This is a small amount, especially when bearing in mind that some were inactive customers. There were also some customers which stayed with FXCM but deposited less funds because, for example, they were happy to continue trading but would prefer to hold $50,000 in the company rather than $1 million. The principals who founded the company still own a big stake in the company so the big loss was effectively mine” explained Mr Niv.
“If I looked at life as what I had on Friday and notice that I had less the following Monday, I would commit suicide every day. I have to look back at what I had 20 years ago which was absolutely nothing, and what I have today, which is still a lot. My kids still love me, and I have five of them. My wife didn’t leave! I personally lost approximately $200 million, however it is not healthy to show a lot of emotion, especially when you are in business.” – Drew Niv, CEO, FXCM
FXCM had 12 hours at first, not a weekend like other firms which have experienced something like this.
From his office which overlooks downtown Manhattan from the 50th floor, Mr. Niv calmly explained “We weren’t given a lot of time from the regulators. We had to act very quickly in the best interests of the customers, employees and shareholders. Although the outcome was actually very positive, had it not been, the absolute worst case is that we would have ceased. Other senior executives within the company explained to FinanceFeeds that Mr. Niv kept completely calm throughout the event.
“I said to myself, this loss I can personally take. In 5 years I will recover it and it will still be more than most people will have anyway. Philosophically I believed at the time that a person or any business that is in financial trouble will always make the wrong decisions as they will be driven by pressure and other factors, so therefore we always make sure that we are not in that position at any time and that we can make decisions that are sensible, regardless of the circumstances” – Drew Niv, CEO, FXCM
The composure with which this was handled is remarkable and in the opinion of FinanceFeeds, very unusual. It is well known that many executives would tend toward ‘meltdown’ in such a circumstance and either close down, or start holding emergency meetings and creating insecurity in the minds of staff by implementing emergency procedures. Mr. Niv did not go down that road at all. Despite the media speculation and rumors that the company had nervous employees and shareholders, the opposite is true, as is quite clearly depicted by the company’s situation today.
In connection with the Restructuring Transaction completed on September 1, 2016, the Letter Agreement was terminated and the parties signed the Group Agreement as described in Note 2. In exchange for the Letter Agreement, the Company issued a 49.9% non-controlling membership interest in Group to Leucadia.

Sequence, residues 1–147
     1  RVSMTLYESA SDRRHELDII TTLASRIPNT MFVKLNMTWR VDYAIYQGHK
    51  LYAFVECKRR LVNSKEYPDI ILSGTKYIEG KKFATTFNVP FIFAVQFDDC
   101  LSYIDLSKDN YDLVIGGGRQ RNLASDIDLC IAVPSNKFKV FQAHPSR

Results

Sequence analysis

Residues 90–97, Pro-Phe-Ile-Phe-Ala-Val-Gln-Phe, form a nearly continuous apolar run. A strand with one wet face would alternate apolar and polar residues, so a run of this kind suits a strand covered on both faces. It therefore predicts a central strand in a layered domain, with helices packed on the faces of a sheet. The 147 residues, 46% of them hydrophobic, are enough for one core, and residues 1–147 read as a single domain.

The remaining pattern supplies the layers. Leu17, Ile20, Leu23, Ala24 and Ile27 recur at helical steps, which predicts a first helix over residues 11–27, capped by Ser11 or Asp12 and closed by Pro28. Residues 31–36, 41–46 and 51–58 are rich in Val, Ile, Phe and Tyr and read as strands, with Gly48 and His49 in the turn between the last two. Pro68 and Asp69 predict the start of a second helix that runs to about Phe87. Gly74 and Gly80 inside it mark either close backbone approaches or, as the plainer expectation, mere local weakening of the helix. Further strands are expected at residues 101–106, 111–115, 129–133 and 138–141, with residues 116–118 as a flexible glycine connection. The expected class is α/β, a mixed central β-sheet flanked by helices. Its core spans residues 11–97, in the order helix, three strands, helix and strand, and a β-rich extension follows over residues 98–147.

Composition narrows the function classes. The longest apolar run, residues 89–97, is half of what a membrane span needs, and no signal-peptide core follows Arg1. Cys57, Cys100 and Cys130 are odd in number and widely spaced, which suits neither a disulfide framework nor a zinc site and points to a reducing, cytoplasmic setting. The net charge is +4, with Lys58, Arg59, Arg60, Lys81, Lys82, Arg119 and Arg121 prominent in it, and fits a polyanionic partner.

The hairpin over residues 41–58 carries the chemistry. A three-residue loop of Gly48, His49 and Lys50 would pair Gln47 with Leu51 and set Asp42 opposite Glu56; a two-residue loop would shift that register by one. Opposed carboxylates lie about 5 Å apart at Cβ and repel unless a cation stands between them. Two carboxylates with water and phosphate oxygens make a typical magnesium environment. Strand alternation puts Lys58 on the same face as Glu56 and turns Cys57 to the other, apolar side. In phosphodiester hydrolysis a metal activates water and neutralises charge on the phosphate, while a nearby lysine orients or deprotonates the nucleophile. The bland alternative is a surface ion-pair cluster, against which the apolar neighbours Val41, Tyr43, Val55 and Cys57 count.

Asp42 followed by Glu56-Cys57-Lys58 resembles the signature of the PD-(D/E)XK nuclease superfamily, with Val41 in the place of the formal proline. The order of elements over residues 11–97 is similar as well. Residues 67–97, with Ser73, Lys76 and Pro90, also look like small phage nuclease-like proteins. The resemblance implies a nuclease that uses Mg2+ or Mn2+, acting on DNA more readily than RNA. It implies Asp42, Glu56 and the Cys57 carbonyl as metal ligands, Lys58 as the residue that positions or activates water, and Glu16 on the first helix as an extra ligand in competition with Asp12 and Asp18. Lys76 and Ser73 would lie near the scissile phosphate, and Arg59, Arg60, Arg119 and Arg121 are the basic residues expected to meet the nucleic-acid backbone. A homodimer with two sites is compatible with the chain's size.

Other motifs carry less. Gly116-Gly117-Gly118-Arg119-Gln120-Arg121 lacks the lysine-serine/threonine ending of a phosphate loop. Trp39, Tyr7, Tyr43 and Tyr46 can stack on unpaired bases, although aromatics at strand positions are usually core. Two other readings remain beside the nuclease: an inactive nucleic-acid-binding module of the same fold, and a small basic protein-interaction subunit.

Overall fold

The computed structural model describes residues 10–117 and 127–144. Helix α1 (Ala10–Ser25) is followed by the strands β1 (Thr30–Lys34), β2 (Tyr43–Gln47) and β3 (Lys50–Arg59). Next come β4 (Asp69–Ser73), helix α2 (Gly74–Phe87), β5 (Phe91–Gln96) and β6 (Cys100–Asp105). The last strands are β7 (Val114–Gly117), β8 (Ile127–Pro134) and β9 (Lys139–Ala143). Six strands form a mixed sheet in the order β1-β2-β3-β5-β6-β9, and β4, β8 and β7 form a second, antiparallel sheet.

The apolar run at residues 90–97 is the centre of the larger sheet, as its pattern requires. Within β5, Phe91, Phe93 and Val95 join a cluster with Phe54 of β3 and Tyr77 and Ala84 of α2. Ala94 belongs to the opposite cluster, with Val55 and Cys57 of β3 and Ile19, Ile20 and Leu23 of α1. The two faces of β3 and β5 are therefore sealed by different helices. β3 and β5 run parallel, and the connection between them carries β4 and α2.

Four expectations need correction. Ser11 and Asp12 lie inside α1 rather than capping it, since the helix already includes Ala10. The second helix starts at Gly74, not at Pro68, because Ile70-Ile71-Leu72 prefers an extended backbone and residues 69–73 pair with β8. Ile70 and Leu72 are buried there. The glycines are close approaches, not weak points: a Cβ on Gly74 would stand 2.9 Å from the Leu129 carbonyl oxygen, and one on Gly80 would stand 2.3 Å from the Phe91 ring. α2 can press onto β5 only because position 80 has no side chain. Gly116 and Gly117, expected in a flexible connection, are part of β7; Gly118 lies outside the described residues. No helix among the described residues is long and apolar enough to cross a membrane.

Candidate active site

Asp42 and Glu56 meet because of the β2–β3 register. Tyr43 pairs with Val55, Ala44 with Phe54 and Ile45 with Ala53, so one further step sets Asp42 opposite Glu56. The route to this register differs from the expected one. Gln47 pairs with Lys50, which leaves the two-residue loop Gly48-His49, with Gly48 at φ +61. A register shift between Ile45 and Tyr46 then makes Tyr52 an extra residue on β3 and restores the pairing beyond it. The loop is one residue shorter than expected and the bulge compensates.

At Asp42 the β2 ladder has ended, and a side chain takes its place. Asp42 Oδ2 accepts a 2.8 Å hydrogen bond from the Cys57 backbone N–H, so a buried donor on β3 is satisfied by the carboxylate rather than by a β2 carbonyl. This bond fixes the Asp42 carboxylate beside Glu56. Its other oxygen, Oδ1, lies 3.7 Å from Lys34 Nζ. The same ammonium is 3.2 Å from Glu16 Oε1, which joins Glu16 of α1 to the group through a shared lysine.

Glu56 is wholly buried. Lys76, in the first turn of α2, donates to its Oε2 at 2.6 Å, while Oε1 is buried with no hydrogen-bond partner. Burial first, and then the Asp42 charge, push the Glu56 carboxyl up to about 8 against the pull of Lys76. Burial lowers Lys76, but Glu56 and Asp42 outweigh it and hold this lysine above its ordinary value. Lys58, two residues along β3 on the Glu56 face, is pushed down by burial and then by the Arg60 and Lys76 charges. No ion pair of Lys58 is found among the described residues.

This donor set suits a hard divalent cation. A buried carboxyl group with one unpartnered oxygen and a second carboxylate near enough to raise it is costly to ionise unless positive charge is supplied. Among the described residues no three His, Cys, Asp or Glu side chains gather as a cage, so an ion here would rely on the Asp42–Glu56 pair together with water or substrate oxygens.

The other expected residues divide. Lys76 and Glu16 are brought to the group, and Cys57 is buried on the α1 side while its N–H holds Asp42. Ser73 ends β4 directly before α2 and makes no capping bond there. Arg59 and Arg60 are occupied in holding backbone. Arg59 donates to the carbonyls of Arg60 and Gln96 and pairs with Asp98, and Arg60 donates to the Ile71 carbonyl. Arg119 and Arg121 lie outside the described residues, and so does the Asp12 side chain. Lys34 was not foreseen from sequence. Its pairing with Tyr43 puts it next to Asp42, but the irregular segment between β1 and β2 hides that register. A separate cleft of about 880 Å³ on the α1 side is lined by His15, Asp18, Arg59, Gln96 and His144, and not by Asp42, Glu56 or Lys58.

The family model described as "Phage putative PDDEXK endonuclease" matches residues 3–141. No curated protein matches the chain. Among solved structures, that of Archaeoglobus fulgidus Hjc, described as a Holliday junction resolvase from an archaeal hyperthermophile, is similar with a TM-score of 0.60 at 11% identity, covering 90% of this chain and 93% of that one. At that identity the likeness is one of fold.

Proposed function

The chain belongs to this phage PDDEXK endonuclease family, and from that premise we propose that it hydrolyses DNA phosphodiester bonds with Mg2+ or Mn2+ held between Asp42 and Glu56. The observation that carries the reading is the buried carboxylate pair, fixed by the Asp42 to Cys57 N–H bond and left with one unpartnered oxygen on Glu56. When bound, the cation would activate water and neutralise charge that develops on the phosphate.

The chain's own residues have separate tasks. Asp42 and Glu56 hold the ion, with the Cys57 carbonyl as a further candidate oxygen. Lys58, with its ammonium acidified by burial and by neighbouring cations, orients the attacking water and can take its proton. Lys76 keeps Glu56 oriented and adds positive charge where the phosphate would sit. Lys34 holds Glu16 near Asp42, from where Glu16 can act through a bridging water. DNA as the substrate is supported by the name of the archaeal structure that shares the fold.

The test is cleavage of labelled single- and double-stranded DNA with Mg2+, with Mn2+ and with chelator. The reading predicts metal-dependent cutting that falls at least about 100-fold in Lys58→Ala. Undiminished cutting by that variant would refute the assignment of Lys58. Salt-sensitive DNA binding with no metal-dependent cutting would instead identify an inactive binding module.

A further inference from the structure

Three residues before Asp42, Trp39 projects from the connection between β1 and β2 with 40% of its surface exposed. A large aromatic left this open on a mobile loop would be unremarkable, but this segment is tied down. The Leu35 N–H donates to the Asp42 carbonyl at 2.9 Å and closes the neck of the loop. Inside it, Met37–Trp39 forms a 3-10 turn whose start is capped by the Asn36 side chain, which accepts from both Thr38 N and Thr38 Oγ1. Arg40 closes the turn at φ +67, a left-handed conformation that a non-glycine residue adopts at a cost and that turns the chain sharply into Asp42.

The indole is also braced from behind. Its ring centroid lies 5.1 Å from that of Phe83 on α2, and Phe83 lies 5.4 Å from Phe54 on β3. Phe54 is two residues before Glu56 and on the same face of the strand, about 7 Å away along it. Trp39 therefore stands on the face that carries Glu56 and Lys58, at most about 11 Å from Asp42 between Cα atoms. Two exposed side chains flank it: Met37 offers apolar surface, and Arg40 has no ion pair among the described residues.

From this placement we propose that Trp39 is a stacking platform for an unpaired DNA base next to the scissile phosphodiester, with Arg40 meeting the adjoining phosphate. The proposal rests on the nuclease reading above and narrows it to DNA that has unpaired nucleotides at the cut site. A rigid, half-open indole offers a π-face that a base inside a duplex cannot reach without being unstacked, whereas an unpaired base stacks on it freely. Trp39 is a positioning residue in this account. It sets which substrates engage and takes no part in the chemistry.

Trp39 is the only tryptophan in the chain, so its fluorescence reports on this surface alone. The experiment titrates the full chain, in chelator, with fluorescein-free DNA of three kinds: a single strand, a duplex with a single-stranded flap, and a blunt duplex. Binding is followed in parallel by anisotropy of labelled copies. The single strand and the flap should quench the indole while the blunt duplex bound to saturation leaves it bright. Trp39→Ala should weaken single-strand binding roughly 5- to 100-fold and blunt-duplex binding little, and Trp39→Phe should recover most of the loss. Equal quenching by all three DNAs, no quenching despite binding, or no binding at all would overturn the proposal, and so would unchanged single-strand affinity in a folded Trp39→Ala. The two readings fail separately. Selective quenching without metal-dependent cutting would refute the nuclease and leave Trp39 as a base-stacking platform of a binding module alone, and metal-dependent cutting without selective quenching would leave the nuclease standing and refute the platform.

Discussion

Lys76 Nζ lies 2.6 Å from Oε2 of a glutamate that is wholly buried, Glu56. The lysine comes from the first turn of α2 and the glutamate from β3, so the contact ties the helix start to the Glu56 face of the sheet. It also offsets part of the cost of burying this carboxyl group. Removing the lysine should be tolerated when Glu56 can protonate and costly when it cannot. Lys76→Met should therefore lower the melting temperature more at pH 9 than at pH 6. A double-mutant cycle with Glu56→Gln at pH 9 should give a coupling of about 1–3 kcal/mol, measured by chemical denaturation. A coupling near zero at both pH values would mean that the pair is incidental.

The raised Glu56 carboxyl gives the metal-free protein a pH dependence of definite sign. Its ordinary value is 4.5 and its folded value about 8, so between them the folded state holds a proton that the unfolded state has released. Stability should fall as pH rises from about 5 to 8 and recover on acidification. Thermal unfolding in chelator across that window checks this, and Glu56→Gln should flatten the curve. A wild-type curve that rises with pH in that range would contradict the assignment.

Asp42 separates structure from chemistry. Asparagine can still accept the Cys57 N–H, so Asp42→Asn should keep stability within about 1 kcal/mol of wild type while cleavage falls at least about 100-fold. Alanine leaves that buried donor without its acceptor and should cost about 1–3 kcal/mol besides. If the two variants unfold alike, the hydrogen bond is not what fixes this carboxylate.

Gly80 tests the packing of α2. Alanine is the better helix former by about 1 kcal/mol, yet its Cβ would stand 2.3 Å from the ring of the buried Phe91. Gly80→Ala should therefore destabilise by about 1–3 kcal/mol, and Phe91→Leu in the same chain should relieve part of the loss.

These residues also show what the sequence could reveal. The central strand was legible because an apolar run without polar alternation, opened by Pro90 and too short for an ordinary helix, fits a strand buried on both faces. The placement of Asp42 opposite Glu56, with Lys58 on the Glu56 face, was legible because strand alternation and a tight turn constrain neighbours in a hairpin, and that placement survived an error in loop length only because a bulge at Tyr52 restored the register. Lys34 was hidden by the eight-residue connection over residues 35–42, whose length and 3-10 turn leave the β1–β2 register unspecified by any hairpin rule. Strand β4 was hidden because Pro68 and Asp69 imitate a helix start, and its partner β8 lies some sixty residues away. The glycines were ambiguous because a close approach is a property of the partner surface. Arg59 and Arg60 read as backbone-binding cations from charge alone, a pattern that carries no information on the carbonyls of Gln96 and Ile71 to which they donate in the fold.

The remaining 50.1% controlling membership interest in Group is owned by Holdings and Holdings consolidates FXCM’s financial results, the non-controlling interest held by Leucadia is redeemable for cash upon a contingent event that is not solely within the control of the Company and, accordingly, is classified outside of permanent equity on the condensed consolidated statements of financial condition as Redeemable non-controlling interest. As of September 30, 2016 , the non-controlling interest in Group is not redeemable and is not probable of becoming redeemable and, consequently, has not been adjusted to its estimated redemption value.
The Company recorded the following activity related to Redeemable non-controlling interest for the nine months ended September 30, 2016 , with amounts in thousands:
On the date of the Restructuring Transaction, in exchange for the Letter Agreement Leucadia was issued a redeemable non-controlling interest in Group which had a fair value of $235.5 million , which was also the fair value of the derivative liability related to the Letter Agreement.
As a result, the Company derecognized the derivative liability related to the Letter Agreement and recorded the Redeemable non-controlling interest at $93.1 million , which represented the amount that Leucadia would receive assuming Group were liquidated at its recorded amount determined in accordance with U.S. GAAP and the cash distributed according to the Revised Waterfall at that date. This change was recorded as an equity transaction within Additional paid-in capital of the Corporation for the impact to the controlling and non-controlling unit holders of Holdings based on Holdings’ 50.1% controlling financial interest in Group.